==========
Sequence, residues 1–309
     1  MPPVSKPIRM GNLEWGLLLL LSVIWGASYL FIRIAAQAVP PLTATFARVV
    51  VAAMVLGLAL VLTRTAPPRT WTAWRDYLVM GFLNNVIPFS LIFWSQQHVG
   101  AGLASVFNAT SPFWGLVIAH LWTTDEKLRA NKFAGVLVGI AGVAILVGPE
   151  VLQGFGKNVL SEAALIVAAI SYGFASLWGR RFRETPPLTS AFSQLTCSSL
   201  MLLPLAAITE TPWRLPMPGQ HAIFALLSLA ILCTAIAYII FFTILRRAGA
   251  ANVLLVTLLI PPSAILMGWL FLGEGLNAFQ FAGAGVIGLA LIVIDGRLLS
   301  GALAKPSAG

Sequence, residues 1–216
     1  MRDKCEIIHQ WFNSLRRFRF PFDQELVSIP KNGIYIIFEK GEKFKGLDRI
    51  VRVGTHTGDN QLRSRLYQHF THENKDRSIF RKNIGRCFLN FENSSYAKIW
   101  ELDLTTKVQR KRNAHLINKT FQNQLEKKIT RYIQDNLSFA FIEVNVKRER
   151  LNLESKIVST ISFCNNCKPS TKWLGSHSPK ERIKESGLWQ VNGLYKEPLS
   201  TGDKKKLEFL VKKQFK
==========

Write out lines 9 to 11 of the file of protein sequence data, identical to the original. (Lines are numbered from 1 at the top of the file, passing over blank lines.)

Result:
Sequence, residues 1–216
     1  MRDKCEIIHQ WFNSLRRFRF PFDQELVSIP KNGIYIIFEK GEKFKGLDRI
    51  VRVGTHTGDN QLRSRLYQHF THENKDRSIF RKNIGRCFLN FENSSYAKIW